Shall we bow down before such an absurd, lying, anti-American way of thinking and doing? We must not. Join the boycott of the corporations who fight to keep us in darkness – Coca-Cola, PepsiCo, General Mills, Kraft, Nestle, and others. Get together to organize labeling campaigns in your state. And start forming the permanent grassroots abolition organizations which shall serve as the units of final victory.
 

>

Advertisements

6 Comments

  1. Russ, just wanted you to know I’m still here and still reading. E-mail me sometime. (Yes, I lost your e-mail again. Sorry…again.)

    Comment by bloodgroove — November 4, 2013 @ 3:51 pm

    • Will do, Johnny!

      Comment by Russ — November 5, 2013 @ 4:01 am

  2. […] one and two.   We must always be clear in our minds and take every opportunity to emphasize to others […]

    Pingback by GMO Labeling and Movement Strategy (3 of 6) : The Abolitionist Imperative | Volatility — November 15, 2013 @ 4:03 am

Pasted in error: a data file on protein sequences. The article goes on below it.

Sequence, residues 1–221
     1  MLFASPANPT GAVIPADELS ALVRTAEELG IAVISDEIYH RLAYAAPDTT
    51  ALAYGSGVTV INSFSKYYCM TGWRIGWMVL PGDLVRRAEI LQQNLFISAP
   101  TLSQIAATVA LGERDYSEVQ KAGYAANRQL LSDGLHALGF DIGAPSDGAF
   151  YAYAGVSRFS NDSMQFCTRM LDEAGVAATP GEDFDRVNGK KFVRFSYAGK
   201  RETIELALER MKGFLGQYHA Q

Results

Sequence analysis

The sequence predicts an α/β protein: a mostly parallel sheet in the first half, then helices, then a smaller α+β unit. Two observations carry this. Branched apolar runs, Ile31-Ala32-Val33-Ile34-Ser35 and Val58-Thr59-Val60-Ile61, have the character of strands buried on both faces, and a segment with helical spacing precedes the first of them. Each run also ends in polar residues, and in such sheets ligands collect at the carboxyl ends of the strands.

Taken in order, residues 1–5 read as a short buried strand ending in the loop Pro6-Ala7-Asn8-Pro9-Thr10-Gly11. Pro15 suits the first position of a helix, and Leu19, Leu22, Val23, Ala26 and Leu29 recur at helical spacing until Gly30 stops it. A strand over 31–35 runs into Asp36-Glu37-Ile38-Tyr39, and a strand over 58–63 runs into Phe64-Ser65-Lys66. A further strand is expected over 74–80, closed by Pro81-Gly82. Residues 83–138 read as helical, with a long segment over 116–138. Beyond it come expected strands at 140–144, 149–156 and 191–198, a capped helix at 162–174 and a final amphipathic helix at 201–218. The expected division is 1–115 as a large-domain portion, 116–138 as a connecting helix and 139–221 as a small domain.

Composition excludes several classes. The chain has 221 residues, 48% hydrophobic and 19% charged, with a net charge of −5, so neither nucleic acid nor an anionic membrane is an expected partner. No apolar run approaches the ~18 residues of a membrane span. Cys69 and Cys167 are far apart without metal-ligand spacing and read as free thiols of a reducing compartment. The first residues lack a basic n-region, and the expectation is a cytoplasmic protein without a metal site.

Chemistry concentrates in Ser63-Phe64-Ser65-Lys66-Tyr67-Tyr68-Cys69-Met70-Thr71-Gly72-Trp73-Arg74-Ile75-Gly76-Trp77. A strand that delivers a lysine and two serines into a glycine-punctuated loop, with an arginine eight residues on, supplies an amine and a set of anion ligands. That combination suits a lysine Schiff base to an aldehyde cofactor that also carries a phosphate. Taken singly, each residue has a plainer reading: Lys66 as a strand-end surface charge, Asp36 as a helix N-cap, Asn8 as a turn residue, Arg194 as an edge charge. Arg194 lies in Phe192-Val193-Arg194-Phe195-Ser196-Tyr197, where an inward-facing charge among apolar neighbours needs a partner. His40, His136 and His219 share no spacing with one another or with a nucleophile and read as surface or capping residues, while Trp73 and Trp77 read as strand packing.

3. […] one, two, three.   I’ve been saying we need to form permanent grassroots anti-GMO organizations, […]

    Pingback by GMO Labeling and Movement Strategy 4 of 6: The Organizations We Need | Volatility — November 21, 2013 @ 1:38 am

  4. […] one, two, three.   In part four I wrote about the kind of grassroots organizations we need to build […]

    Pingback by GMO Labeling and Movement Strategy 5 of 6: Actions | Volatility — November 24, 2013 @ 12:38 am

  5. […] one, two, three, four, five.   What can we learn from the campaigns and votes in Washington and […]

    Pingback by GMO Labeling and Movement Strategy 6 of 6: Labelphobia | Volatility — December 1, 2013 @ 2:12 am


RSS feed for comments on this post.

Sorry, the comment form is closed at this time.

%d bloggers like this: